Climate change will pose profound challenges to the United States in the coming decades, raising the prospect of military intervention to deal with its effects, The New York Times reported, citing military and intelligence analysts.
Crises such as drought, violent storms, mass migration and pandemics could topple governments, feed terrorist movements or destabilize entire regions.
The Times reported that for the first time, intelligence agencies and the Pentagon are taking a hard look at the possible security implications resulting from climate change.
In particular, sub-Saharan Africa, the Middle East and South and Southeast Asia, will face the prospect of food shortages, water crises and catastrophic flooding driven by climate change that could call for U.S. military response.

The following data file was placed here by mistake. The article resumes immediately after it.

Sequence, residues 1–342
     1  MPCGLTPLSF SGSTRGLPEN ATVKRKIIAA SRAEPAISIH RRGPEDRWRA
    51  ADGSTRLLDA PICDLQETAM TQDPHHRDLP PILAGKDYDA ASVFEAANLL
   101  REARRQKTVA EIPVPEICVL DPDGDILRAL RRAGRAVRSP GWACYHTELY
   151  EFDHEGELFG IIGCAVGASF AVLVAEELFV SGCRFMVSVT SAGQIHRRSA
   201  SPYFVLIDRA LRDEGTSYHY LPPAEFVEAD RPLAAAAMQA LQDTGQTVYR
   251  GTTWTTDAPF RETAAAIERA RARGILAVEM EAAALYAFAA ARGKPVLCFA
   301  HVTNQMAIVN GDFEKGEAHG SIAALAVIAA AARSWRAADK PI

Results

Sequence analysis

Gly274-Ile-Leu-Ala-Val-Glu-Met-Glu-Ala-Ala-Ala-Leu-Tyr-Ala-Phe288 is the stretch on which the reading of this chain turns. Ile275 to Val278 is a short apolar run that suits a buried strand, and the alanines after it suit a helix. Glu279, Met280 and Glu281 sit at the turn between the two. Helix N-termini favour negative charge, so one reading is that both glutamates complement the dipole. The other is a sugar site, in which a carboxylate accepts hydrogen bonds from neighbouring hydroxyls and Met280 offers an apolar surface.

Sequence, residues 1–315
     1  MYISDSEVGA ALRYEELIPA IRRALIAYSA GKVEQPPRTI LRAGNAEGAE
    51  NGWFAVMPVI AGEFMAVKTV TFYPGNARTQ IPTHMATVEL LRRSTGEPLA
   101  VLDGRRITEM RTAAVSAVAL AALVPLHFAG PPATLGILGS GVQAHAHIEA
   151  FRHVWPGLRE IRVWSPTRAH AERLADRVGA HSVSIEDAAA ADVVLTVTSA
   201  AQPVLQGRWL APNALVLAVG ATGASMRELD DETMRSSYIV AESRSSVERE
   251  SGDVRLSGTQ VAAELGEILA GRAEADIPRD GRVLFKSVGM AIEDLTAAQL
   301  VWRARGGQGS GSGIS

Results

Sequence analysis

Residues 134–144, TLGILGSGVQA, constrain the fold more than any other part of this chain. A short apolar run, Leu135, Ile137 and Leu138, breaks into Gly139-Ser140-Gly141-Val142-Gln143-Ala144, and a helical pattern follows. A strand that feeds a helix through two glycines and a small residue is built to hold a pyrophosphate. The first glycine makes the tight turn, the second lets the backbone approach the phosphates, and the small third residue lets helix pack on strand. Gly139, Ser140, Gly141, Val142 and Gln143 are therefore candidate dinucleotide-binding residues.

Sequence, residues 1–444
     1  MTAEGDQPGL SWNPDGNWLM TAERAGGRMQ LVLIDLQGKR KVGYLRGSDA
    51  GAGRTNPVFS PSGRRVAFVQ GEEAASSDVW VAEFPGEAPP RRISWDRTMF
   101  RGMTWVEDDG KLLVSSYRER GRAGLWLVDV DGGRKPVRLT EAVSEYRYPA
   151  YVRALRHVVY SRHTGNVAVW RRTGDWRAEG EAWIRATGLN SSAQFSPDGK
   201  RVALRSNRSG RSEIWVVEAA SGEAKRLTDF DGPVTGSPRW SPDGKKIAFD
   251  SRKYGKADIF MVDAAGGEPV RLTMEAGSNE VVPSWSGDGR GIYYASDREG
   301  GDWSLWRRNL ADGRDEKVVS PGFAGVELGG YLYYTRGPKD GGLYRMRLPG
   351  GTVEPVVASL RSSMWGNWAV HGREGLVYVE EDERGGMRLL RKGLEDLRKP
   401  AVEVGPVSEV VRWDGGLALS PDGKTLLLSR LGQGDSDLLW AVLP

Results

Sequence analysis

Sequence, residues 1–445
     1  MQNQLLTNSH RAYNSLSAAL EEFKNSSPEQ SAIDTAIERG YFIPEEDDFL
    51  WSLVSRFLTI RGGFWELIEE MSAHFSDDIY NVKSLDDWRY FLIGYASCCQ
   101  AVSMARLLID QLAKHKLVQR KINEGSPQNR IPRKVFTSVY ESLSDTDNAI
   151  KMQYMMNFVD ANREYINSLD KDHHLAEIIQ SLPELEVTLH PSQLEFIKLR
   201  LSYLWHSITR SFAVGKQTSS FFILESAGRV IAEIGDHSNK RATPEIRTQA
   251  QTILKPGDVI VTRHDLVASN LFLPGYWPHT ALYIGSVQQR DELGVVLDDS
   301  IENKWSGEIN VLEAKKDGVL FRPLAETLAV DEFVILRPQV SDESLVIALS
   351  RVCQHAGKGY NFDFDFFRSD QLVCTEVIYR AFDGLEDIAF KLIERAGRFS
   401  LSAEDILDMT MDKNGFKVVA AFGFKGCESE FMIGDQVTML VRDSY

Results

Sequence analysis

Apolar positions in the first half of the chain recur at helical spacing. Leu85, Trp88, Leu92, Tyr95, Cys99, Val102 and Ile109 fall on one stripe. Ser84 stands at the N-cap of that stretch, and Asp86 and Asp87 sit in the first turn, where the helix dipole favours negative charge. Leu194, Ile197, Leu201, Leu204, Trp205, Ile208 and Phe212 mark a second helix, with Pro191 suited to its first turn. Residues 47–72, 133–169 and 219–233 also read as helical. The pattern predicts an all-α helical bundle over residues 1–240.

The U.S. military also faces a direct challenge with climate change, the Times reported, because many of its installations are vulnerable to storm surges and rising seas and plans to protect naval stations in Norfolk, Va., and San Diego, Calif., are already underway.
"The sense that climate change poses security and geopolitical challenges is central to the thinking of the State Department and the climate office," said Peter Ogden, chief of staff to Todd Stern, the State Department's top climate negotiator.
A U.S. government study of glaciers released Thursday said climate change is melting America's glaciers at the fastest rate in recorded history, exposing the country to higher risks of drought and rising sea levels.
"The observations show that the melt rate has definitely increased over the past 10 or 15 years," Ed Josberger, a USGS scientist, said. "This certainly is a very strong indicator that climate change is occurring and its effects on glaciers are virtually worldwide."